When Chad and I first met, he had this old, forest green Jeep Cherokee. The seat belts had been chewed by our dog, the exterior was banged up from rallying off-road and the headlights only worked if you held the highbeams on when you drove. But I loved that thing. I loved that it took us on our first weekend trip to the mountains, I loved that it had so many of his memories ground into the seats, I loved that it took us everywhere those first two years. It was the first "new" vehicle he ever had. He bought it when he was 21 and newly healthy. It was his new beginning, his access to adventure with his dog Kaz at his side. You could feel the freedom in it whenever we were on the road to somewhere else. That Jeep drove him to me when we met for the first time. It was loud and my parents knew I was home every time he dropped me off. That Jeep helped us fall in love, quickly and completely, driving around BC, exploring and deciding in those first 3 weeks marriage was the next adventure we wanted to pursue.
That Jeep got Chad to our wedding ceremony on time. It didn't get him there unscathed. He had a fat lip from playing "touch" football that morning. Of all the guys who played that day he was the only one with a visible injury. And I still remember him phoning my mom, a few hours before our ceremony, to ask if I was still coming and to just let me know he had a small injury on his face. His lip was FAT and tasted bloody when we finally kissed as husband and wife. But here's the thing- I probably shouldn't even tell you this, but we didn't have a professional photographer. My very creative and talented friend took photos for us. But she wasn't a professional. She didn't know how to capture the details of the day the way someone who has experience with weddings can do. So we don't have images of that football game that left him husband with a puffy lip, or shots of our friends and family laughing at my best friend's speech when she uncovered the fact that I had compared Chad to Adam Levine when I was trying to describe him (poorly) to her for the first time. We don't have photos of my wedding dress, covered in red wine and dirt from dancing barefoot all night and our friends accidentally spilling their glasses when they hugged me in a grand gesture of happiness. It is the only regret I have about our wedding day. But I was 22, there were no wedding blogs or pinterest to let me know about these things, and I had no idea that photography would one day be my career path. Now when I talk to potential clients I want to tell them about this regret, remind them that memories will fade and your kids will ask to see pictures but if you don't have the whole story there, it's hard to fill in the blanks. Time creeps in slowly and each chapter builds on the one before. Photos are proof of those chapters gone by, those building blocks of your love and struggles and successes.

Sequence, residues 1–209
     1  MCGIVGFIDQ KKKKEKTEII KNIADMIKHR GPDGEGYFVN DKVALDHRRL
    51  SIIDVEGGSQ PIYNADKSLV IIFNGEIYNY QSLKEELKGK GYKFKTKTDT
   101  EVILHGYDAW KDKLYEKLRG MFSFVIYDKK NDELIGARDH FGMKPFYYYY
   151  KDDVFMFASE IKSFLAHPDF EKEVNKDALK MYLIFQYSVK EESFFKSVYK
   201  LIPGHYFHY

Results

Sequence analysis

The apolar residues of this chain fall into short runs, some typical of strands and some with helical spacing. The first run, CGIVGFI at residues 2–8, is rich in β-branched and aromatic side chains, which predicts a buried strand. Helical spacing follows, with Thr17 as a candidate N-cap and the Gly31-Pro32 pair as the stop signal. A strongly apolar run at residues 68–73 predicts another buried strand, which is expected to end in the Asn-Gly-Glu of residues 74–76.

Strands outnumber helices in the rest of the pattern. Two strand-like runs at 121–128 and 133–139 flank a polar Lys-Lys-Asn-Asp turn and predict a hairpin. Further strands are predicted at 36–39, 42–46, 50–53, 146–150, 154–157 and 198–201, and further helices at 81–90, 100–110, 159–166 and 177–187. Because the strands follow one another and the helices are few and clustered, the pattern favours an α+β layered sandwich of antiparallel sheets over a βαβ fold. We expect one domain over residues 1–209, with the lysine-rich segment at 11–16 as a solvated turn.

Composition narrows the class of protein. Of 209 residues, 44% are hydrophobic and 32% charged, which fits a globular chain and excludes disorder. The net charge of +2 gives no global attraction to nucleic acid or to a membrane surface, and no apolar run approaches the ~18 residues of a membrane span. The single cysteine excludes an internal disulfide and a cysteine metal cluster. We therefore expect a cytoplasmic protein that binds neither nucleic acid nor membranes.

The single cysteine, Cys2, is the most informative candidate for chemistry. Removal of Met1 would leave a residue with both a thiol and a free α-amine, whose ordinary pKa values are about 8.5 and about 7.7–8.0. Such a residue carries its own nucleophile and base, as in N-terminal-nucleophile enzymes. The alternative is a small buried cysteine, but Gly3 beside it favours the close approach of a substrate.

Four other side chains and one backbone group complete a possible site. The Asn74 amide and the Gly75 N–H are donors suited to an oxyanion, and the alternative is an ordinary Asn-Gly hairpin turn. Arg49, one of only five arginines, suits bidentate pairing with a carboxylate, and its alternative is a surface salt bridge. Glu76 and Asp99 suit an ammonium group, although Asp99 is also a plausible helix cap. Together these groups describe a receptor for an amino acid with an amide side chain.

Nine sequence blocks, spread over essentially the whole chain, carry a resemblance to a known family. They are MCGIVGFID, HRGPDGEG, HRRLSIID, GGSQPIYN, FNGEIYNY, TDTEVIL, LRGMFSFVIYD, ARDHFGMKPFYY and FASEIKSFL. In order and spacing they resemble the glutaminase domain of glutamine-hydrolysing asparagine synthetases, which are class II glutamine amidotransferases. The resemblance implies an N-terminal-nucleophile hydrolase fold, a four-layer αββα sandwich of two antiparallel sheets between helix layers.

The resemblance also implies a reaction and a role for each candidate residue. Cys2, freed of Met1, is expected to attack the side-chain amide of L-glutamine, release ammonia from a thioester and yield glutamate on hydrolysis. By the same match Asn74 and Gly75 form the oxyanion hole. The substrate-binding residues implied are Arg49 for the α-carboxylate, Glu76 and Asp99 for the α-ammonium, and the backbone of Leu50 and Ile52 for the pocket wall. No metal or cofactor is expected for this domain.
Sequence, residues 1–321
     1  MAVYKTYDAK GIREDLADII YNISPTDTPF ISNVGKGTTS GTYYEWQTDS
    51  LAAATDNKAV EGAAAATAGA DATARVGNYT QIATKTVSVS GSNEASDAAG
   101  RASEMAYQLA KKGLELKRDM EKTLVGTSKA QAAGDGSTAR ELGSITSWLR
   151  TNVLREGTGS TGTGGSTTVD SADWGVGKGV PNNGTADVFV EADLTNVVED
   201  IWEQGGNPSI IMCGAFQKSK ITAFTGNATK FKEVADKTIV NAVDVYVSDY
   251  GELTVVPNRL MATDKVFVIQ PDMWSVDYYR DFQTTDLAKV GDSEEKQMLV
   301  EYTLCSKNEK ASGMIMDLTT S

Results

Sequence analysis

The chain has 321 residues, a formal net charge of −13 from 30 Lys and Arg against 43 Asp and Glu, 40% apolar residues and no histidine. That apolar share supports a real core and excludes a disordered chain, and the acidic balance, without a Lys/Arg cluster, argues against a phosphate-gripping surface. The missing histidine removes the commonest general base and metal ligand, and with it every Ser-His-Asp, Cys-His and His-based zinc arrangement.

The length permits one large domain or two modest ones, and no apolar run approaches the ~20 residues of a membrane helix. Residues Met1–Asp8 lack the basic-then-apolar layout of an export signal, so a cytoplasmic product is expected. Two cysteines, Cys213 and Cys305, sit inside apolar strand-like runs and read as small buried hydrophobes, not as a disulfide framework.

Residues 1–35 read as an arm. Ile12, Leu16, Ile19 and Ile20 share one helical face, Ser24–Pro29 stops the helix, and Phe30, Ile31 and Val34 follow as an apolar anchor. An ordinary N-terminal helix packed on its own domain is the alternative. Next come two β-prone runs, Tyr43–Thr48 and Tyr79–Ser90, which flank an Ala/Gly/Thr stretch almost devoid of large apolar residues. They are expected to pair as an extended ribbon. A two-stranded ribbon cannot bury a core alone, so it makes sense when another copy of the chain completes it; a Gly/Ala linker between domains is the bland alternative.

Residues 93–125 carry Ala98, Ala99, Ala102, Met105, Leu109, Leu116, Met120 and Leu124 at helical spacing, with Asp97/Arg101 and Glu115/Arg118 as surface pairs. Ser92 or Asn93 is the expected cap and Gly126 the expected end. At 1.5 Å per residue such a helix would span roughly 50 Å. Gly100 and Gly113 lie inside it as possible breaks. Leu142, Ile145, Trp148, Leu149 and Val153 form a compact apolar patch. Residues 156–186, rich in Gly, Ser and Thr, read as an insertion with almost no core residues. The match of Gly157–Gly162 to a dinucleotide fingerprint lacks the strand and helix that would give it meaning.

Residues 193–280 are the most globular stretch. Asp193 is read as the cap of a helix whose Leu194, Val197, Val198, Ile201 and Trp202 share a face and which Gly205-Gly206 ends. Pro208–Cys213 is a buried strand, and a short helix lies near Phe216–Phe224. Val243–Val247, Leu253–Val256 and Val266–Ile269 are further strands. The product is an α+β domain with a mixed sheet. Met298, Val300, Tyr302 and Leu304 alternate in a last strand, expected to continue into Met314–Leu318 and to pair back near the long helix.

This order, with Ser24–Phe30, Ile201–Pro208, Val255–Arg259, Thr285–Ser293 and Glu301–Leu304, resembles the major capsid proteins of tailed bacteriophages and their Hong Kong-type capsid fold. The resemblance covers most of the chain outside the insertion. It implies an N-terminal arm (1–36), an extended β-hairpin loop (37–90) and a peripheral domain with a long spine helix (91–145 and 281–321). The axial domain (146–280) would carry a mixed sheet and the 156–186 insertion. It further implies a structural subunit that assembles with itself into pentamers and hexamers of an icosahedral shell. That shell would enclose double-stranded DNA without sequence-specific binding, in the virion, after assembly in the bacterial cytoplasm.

The day after our wedding, I threw my dress into the back, crumpled and stained and drove back to our teeny tiny garden shed home. We were heading out the next day on our honeymoon down the 101, but we couldn't take the Jeep because it was no longer the highway driving vehicle we needed.
When it was time to trade it in, we had to restart it 3 times on the way to the dealership. We coasted that thing in on fumes, coughing and sputtering, plastered in mud. We were both sad to see it go, the metal box that had chauffeured us around for some many firsts. I still wish I had photos of us in that thing, those two babies embarking on a new path together.
We are weeks away from our 10-year anniversary and lately I've been thinking about those 2 kids, the self-proclaimed gypsy who would never get married and the adrenaline-seeking dude with the shaggy mutt. 10 years later we are in the semi-robotic state that comes with two littles, a heavier workload and building a new house up in the mountains. We are in a season of self-imposed chaos, hard work, blood, sweat and tears. It is a beautiful and challenging kind of time, one we wonder about out loud when our bones and brains are oh so tired. But whenever I see a forest green Jeep, I know we're still those kids looking for an adventure. Only now we are breaking our own trail. We are building more than a house, more than a business, we are building our life, creating foundation for our kids and ourselves. I make a point now to document where we're at. I think the word capturing doesn't tell the whole story of what a photo does. I think it instead preserves the moment, holds it for us to share with our future selves, to remind us where we came from. We came from a place of sleeping in an old Jeep, ripe with our dreams and now 10 years later we are building on those dreams.